Stars are Messy Cannibals

by | May 8, 2024, 6:00 AM | Stars & Nebulae

This image, taken with the VLT Survey Telescope hosted at ESO’s Paranal Observatory, shows the beautiful nebula NGC 6164/6165, also known as the Dragon’s Egg. The nebula is a cloud of gas and dust surrounding a pair of stars called HD 148937. Credit: ESO/VPHAS+ team. Acknowledgement: CASU 

In the southern sky, about 3,800 light-years away toward the constellation Norma, the well-named Dragon’s Egg nebula has been hiding a secret. Surrounded by a cloud of carbon, nitrogen, and oxygen are a pair of mismatched stars. Despite forming from the same original material, these stars have very different chemistry, and that just shouldn’t be possible. It’s like getting one double chocolate cookie in a pack of regular cookies. Something had to happen. 

The clue to what happened is the stunning nebula, which is made of materials not generally shed by stars — that carbon, nitrogen, and oxygen are generally locked away in stellar cores.

According to a new paper published in the journal Science with lead author Abigail Frost, this system formed with three sibling stars, but at some point in their past, one of the siblings, much like a shark, woke up and chose violence and ate its sibling. It wasn’t neat either; that surrounding material was the leftover guts of the consumed star. 

As described by researcher Hugues Sana, “The two inner stars merged in a violent manner, creating a magnetic star and throwing out some material, which created the nebula. The more distant star formed a new orbit with the newly merged, now-magnetic star, creating the binary we see today at the center of the nebula.”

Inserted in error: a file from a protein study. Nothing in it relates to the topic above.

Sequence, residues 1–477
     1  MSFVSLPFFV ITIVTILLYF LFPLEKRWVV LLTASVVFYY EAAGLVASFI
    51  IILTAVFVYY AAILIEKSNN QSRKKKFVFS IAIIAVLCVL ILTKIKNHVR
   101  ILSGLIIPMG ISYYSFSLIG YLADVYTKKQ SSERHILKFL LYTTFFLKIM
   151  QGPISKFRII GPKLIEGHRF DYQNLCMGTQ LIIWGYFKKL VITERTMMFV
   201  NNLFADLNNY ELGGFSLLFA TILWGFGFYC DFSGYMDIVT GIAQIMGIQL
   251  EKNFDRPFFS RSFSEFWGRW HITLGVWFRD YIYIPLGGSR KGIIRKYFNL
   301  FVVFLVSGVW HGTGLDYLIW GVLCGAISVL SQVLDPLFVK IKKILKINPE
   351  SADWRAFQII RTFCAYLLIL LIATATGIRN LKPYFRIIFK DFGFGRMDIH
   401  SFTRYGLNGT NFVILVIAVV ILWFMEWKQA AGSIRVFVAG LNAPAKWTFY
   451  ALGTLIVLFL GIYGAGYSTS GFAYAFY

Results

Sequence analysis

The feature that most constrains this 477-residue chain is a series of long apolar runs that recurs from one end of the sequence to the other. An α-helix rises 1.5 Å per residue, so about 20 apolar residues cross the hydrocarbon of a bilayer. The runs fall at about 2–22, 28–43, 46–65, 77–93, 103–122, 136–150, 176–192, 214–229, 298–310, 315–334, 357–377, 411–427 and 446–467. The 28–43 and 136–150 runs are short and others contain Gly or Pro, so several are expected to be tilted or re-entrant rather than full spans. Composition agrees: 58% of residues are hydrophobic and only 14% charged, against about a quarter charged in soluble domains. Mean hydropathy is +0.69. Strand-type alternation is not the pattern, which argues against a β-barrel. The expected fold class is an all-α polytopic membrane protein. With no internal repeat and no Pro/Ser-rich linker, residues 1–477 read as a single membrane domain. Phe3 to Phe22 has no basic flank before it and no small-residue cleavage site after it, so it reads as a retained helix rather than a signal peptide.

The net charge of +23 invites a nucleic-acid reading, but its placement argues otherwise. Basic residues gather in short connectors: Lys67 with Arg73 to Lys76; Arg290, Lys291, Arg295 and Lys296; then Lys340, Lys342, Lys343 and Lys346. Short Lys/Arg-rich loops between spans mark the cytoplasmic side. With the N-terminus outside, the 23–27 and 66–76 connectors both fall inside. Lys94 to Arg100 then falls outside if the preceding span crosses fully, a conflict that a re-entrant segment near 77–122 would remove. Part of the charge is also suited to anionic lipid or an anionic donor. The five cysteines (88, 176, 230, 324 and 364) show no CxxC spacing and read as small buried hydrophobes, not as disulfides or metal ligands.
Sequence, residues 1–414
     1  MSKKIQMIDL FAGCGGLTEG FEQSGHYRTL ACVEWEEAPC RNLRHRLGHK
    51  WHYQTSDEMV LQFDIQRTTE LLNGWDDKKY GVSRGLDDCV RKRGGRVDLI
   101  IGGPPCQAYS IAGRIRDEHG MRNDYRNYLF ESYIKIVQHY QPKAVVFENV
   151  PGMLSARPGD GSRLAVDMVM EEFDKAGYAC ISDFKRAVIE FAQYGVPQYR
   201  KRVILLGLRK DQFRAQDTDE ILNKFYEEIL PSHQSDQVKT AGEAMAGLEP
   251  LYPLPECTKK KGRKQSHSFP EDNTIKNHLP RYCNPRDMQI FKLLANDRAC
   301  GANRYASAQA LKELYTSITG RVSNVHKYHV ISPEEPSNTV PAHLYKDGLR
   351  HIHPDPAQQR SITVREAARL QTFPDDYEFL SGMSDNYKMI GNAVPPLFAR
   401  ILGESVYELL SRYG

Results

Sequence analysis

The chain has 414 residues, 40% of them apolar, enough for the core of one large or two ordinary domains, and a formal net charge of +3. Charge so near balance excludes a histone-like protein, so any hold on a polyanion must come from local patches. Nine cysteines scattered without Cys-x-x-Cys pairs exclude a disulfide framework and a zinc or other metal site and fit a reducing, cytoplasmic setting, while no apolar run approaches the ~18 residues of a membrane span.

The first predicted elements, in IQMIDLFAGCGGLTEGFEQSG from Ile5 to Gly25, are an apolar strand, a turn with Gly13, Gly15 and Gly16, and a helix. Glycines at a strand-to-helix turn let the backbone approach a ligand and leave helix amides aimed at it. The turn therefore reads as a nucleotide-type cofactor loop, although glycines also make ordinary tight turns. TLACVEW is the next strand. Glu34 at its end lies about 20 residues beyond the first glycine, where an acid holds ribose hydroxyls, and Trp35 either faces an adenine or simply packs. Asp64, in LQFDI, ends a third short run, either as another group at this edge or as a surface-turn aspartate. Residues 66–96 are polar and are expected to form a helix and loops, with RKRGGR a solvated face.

There are lots of reasons for a star to eat another star. In terms of science, the reason is pretty simple – gravity can and will draw two stars together if the stars are aligned just right. But, to continue our anthropomorphizing of these great balls of plasma, the consumption of companions can make a star look significantly younger. In fact, the cannibal star appears 1.5 million years younger than its remaining sibling. This kind of merger also grants the remaining star a powerful magnetic field: a feature not otherwise found in large stars like this one.

Remarkably, researchers were able to determine when this siblicide took place. The mix of elements in the nebula indicates it is only about 7,500 years old. 

If you’re in the Southern Hemisphere, this object can be readily observed with a 16” telescope. To replicate this research, however, you’re going to need the amazing spectrometers on the Very Large Telescope and nine years’ worth of data.